Keeping the lid on healthcare has become an obsession for Nova Scotia’s Liberal government.
In the past couple of weeks, close observers got a look at the Liberals’ strategy to manage the provincial government’s gravest political threat — growing discontent with the quality of, and access to healthcare.
So far, the strategy relies on two tactics: containment and counterattack.
On successive days this week, at legislative committee meetings, Liberal backbenchers dutifully barred the door to health professionals and anyone else whose truth may prove inconvenient, embarrassing or worse for the government.
With obsequious fealty and a determination to curry favour with Premier Stephen McNeil so that they may one day sit among the chosen at the cabinet table, the Grit backbenchers mindlessly trampled long-standing traditions and rules of the assembly, in the service of censorship.
Dartmouth North New Democrat Susan Leblanc got it right. The Liberals are railroading legislative committees, and that’s “an abomination of democracy.”
Once again, the Liberals tried to unilaterally change the rules of the public accounts committee to limit the government’s political exposure. This time it’s to keep health issues out of the committee altogether. Last year, the Liberals succeeded in limiting the committee’s agenda to topics covered in the auditor general’s reports.
While they bristle under the restriction to stick to the auditor’s choice of topics, opposition MLAs did just that this week when they tried to get committee meetings on mental health, the family doctor shortage, and homecare contracts — all matters covered in the auditor’s reports.
But the Liberal majority voted those subjects off the agenda, claiming health issues now belong with the legislature’s health committee.
The health committee only meets a dozen times a year, while the public accounts committee meets weekly over much of the year. So, by punting issues from public accounts to the health committee the Liberals effectively kill them. They’ll never make it on to the health committee’s limited timetable.
Plus, the day before the public accounts meeting, the Liberals used their majority to contain the agenda of the health committee to a mix of subjects they believe reflect well on the government, while blocking the Conservatives’ efforts to invite doctors and NDP efforts to invite paramedics.
By longstanding tradition, government and opposition MLAs divide agenda choices between them, but the Liberals have trashed that tradition and now effectively dictate the committee’s agenda.
The Liberals understand that while they can’t completely silence critics in the health arena, they can contain their criticism, in this case by denying them the elevated platform afforded by a legislative committee.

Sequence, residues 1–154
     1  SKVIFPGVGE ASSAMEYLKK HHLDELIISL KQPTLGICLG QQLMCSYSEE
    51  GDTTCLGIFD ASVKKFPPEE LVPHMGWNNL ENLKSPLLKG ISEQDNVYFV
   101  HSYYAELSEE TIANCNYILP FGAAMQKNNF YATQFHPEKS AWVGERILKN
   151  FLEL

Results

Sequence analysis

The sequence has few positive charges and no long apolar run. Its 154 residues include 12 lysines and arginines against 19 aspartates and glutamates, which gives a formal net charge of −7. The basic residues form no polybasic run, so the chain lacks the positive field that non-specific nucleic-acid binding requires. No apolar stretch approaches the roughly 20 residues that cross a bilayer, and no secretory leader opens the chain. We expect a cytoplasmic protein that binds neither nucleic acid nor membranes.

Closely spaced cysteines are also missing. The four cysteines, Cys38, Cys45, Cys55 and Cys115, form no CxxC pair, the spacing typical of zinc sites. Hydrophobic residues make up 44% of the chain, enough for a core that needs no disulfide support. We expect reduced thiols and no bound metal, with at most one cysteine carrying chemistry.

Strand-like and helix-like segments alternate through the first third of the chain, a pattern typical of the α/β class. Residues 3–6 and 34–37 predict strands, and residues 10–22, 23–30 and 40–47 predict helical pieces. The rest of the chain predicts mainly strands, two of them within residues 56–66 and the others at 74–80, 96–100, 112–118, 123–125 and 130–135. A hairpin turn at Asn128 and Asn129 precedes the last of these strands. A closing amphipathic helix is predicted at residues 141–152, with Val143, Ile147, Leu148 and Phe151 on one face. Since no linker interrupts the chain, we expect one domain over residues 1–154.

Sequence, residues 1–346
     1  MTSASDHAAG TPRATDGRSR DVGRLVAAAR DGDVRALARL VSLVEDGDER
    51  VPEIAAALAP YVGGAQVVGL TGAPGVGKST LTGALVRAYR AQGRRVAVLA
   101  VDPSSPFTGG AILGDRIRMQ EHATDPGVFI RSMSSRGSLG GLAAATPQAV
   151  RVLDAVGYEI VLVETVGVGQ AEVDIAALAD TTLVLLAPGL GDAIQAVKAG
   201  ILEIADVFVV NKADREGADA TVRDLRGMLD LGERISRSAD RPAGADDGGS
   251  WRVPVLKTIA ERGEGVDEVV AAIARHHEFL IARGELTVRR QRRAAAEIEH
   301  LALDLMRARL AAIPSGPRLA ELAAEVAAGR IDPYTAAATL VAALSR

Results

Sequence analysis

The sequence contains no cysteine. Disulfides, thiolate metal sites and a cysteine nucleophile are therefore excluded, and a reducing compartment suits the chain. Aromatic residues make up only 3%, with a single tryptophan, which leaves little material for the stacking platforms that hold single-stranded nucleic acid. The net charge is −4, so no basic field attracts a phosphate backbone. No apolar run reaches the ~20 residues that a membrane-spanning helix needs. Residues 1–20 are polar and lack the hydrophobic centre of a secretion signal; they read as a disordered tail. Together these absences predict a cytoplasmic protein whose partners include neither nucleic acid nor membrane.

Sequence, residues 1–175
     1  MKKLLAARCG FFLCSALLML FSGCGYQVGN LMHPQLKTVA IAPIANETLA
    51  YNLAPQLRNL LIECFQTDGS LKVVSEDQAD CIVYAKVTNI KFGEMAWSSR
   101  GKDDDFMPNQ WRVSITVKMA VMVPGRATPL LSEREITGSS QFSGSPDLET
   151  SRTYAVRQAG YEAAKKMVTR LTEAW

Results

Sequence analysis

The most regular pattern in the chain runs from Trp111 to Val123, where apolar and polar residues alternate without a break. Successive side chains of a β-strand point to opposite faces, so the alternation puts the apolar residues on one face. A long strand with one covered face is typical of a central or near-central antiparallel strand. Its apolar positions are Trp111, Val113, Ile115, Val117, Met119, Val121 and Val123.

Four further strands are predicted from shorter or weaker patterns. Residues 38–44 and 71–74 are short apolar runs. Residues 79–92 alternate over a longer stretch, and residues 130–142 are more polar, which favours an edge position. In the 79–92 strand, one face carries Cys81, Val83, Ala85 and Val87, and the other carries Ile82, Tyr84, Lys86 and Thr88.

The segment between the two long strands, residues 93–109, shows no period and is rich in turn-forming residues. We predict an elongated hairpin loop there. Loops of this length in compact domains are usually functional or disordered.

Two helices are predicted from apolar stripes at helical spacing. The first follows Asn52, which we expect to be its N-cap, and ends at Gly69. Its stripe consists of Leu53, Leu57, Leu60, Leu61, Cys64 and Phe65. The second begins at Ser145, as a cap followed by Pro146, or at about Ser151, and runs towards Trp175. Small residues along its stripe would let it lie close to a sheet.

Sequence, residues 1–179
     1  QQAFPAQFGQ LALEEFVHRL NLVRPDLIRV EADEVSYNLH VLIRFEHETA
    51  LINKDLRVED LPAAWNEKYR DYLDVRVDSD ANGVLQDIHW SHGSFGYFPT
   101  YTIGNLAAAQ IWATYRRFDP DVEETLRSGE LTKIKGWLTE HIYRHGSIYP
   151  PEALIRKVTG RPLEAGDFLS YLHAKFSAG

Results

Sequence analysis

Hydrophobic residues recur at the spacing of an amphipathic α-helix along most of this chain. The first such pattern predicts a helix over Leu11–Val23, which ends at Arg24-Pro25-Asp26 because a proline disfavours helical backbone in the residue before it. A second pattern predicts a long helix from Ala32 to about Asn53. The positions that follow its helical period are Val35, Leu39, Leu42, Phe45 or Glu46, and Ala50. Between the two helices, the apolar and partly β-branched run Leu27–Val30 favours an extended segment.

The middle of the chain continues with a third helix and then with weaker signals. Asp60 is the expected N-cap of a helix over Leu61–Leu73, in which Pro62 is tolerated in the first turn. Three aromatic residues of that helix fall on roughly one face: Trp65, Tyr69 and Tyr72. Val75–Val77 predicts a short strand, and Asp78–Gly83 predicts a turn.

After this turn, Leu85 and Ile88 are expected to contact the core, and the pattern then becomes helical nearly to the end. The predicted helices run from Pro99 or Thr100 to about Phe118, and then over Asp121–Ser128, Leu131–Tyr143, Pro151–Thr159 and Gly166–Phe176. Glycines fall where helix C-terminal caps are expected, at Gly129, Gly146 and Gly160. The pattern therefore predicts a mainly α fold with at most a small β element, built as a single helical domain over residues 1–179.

And when critics — often doctors — do manage to penetrate the public consciousness with first-hand accounts of failures in the healthcare system, there’s generally a counterattack.
Counterattack has been a trademark of the Liberal government almost from its arrival in office in 2013. When it feels some heat from teachers, or doctors, or any other identifiable group or individuals, the government takes aim at the messenger rather than the issue.
Nova Scotians were treated to a prime example recently, when both the premier and Health Minister Randy Delorey attacked a Cape Breton physician for using what they called “inflammatory” rhetoric.
The substance of Dr. Jeanne Ferguson’s comments — the dangerous lack of medical resources in Cape Breton is risking and costing lives — they ignored.
A strategy of containment and counterattack has a pernicious effect on informed public debate. It silences voices that Nova Scotians and their elected representatives — both government and opposition — need to hear in order to understand what’s going on in healthcare beyond the rose-tinted perspective available in the health bureaucracy’s echo chamber. It ignores the substance of justified criticism, in favour of attacking the critic. In short, to quote from the premier’s recent counterattack, it “does nothing to advance the discussion.”
In a span of fewer than 10 days, the Liberals effectively contained their most credible healthcare critics — doctors, paramedics and other professionals — and served notice yet again that any who step out of line to speak ill of the government’s management of healthcare can expect a personal attack from a powerful source in return.
It’s a chilling environment. It discourages open dialogue on important public issues. But that matters not a whit to Nova Scotia’s Liberals who are convinced that it works for them politically.